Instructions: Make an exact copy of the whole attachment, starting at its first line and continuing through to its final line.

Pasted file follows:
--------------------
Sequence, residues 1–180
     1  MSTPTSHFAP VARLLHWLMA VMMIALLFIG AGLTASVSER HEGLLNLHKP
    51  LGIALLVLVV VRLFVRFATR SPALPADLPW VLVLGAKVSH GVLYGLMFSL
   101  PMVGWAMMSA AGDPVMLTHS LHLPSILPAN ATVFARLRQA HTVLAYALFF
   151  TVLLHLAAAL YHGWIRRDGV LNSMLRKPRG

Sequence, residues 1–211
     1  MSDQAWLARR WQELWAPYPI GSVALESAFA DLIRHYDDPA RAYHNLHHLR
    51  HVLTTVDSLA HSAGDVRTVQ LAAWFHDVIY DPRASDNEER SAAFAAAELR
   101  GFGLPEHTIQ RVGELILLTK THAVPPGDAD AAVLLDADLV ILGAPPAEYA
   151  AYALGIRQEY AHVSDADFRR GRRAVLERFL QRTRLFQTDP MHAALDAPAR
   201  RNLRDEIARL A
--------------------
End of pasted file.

Sequence, residues 1–180
     1  MSTPTSHFAP VARLLHWLMA VMMIALLFIG AGLTASVSER HEGLLNLHKP
    51  LGIALLVLVV VRLFVRFATR SPALPADLPW VLVLGAKVSH GVLYGLMFSL
   101  PMVGWAMMSA AGDPVMLTHS LHLPSILPAN ATVFARLRQA HTVLAYALFF
   151  TVLLHLAAAL YHGWIRRDGV LNSMLRKPRG

Sequence, residues 1–211
     1  MSDQAWLARR WQELWAPYPI GSVALESAFA DLIRHYDDPA RAYHNLHHLR
    51  HVLTTVDSLA HSAGDVRTVQ LAAWFHDVIY DPRASDNEER SAAFAAAELR
   101  GFGLPEHTIQ RVGELILLTK THAVPPGDAD AAVLLDADLV ILGAPPAEYA
   151  AYALGIRQEY AHVSDADFRR GRRAVLERFL QRTRLFQTDP MHAALDAPAR
   201  RNLRDEIARL A